Book Reviews: Two More "100 Studies" Works by Tkachenko (Updated)
Thursday, October 11, 2018 at 10:30PM
Dennis Monokroussos in Mikhail Zinar, Nikolai Rezvov, Sergei Tkachenko

Sergei Tkachenko, Mikhail Zinar's Difficult Pawn Endings: A World Champion's Favorite Composers and Sergei Tkachenko, Nikolai Rezvov, from Child Burglar to Grandmaster: A World Champion's Favorite Composers. Both books published in 2018 by Elk and Ruby.

Some months back I reviewed a couple of neat, short, small books by Ukranian study composer Sergei Tkachenko. In each, Tkachenko presents 100 studies. In one book, it's a pawn that strikes the final blow; in the other, it's a knight delivering the coup de grace. (Or saving the draw, as the case may be.)

I liked the books on four levels: (1) the concept, (2) the convenience, (3) the level of difficulty, and (4) for the books' size. On (1), each book's thematic unity grabs the reader's attention and helps him learn by sometimes seeing recurring patterns. On (2), the setup with the puzzle on the right side of the page and the solution overleaf makes for a user-friendly experience - there no need to hold one's place going back and forth to the end of the book or trying desperately to avoid peeking at the solution on the opposite page. On (3), the puzzles were generally challenging but always felt manageable. Your mileage may vary, of course, but these studies were selected in such a way that strong club players (approximately 2000, give or take) will always have at least a chance of getting them right. The books may be a little too challenging overall for players rated 1600 and below, but it might be worth the effort anyway, and they're worth going through even just for the beauty of the solutions. And (4), the books will easily fit in one's jacket pocket - they're just a little bigger than a typical index card.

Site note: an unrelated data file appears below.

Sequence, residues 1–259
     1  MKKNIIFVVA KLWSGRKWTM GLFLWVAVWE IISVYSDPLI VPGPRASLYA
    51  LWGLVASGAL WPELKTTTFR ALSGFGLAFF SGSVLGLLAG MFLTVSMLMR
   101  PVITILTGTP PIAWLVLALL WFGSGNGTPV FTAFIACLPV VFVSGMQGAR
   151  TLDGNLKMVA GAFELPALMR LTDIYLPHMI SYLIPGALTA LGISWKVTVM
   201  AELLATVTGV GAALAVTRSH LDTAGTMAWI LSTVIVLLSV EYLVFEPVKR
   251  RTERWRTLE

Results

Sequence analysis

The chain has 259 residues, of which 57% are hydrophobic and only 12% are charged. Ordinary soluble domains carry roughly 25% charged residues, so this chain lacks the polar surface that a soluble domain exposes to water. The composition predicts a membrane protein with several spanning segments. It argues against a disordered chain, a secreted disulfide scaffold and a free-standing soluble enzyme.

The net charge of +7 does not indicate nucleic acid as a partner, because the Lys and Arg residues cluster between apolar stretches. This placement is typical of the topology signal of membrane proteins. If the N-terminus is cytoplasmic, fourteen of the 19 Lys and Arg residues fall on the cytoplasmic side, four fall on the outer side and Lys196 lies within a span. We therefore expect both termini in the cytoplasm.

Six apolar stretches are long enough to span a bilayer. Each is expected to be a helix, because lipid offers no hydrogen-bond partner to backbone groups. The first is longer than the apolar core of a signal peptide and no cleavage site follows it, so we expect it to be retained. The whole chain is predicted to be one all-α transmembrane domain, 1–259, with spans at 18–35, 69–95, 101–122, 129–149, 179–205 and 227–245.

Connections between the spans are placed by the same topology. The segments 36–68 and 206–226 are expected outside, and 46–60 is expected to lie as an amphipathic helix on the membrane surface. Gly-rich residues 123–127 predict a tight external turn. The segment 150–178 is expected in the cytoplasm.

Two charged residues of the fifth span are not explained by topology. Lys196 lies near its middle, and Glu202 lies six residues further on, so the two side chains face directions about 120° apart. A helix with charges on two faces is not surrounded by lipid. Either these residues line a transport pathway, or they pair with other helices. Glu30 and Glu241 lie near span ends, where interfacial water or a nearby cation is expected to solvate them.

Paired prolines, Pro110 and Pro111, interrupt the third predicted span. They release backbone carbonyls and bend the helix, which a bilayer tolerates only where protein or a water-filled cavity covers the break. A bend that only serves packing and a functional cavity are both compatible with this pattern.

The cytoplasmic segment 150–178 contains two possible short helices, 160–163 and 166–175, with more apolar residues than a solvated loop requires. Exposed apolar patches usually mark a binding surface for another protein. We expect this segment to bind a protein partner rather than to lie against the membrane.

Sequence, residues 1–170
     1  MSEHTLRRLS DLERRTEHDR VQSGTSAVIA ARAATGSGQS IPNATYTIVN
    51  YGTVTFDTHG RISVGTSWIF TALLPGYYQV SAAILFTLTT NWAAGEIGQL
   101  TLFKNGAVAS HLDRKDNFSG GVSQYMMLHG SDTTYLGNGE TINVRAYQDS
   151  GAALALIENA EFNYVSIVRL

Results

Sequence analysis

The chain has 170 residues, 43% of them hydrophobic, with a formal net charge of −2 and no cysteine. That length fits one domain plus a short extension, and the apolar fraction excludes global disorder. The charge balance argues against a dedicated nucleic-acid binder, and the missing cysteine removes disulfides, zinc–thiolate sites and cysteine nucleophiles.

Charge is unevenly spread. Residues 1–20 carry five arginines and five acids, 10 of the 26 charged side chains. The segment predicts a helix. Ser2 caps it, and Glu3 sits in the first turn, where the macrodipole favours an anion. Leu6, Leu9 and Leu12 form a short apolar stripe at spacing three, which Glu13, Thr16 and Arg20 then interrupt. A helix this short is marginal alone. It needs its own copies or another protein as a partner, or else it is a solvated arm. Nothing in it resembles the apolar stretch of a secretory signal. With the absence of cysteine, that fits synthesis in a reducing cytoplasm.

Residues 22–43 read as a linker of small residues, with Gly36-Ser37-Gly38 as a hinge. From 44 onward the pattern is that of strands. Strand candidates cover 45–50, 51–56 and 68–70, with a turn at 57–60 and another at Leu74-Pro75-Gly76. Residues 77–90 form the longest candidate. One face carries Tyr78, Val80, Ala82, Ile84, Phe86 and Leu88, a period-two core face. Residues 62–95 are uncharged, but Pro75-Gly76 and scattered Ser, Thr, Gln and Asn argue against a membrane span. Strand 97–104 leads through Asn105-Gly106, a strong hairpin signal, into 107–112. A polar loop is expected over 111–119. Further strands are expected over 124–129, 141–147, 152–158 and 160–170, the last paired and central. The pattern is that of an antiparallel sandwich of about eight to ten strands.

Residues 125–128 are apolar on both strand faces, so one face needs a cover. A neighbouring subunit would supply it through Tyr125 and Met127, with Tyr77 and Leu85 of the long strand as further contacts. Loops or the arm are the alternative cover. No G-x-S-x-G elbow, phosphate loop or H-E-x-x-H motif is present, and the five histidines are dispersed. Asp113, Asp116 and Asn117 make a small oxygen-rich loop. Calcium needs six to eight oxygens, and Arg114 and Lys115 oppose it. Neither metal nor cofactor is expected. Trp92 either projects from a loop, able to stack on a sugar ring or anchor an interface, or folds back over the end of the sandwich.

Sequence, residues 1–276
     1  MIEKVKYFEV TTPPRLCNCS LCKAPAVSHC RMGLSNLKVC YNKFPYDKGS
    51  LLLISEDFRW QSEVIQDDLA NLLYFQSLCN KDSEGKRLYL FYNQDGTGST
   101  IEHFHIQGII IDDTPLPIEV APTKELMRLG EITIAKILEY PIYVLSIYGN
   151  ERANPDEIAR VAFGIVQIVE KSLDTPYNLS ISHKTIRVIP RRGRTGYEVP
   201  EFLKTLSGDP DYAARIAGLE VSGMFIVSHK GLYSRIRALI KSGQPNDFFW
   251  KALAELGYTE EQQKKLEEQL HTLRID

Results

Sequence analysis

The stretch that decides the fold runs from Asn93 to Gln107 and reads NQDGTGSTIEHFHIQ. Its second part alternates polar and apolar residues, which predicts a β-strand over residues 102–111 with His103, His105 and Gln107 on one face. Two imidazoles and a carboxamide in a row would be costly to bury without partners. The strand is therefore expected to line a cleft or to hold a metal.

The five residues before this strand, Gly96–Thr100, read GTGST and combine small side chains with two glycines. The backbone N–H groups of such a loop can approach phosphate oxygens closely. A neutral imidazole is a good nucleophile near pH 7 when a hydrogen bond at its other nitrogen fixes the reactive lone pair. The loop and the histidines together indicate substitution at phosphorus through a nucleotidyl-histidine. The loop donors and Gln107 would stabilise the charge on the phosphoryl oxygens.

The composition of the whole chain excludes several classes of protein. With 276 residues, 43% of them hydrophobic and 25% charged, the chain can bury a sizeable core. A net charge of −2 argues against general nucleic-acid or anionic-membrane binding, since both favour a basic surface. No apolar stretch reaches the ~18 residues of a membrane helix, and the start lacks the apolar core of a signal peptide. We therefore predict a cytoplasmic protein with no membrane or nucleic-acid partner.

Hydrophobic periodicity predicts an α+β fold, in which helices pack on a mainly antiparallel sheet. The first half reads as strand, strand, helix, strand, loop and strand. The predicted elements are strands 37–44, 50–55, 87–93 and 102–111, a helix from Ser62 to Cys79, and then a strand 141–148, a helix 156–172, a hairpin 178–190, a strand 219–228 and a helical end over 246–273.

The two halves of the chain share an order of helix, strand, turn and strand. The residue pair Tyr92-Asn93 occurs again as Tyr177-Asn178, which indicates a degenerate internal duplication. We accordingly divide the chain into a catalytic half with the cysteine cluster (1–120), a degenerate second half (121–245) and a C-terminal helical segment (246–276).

That's a recap of the previous books. The two books under review here are similar in some respects and different in others. The similarities are in the format and their size. The dimensions are the same, and there are again 100 studies in each book, with solutions given (starting) on the next page.

The differences, in a nutshell, are threefold: first, each book is dedicated to a particular composer, and all the studies are his. The books begin with a biography of the relevant composer, and then moves on to the studies. (Both biographies are interesting, too - they add to the value of the book and the reader's investment in the works.)

Second, there is no thematic unity in the Rezvov book: all sorts of material is present, and there's no particular unit that lands the final blow. In the Zinar book all the compositions are pawn endings, so this book does enjoy a closer thematic tie.

Third, and most important: these studies are difficult; in fact, that's part of the name of the Zinar book: Mikhail Zinar's Difficult Pawn Endings. So even though the book's friendly size and shape invites you to carry the book with you and solve some puzzles during your daily commute (if you're not driving, of course) or while waiting in line, there's almost no chance you'll succeed in solving the puzzles under those circumstances - at least not unless you're a lot stronger than I am, or a very experienced solver. You'll need to give these studies your full and sustained attention.

I'm happy to recommend the books, but caveat emptor: they're tough! Here are three examples, so you can see for yourself. The first of each pair gives the study, the second the solution. If you find them out of reach, you'll probably feel the same way about the books in their entirety. If not, pick them up. Either way, enjoy the studies and the workout.

**UPDATE** I had omitted the title of the Rezvov book; both titles and their publication information are now given at the top of the post.

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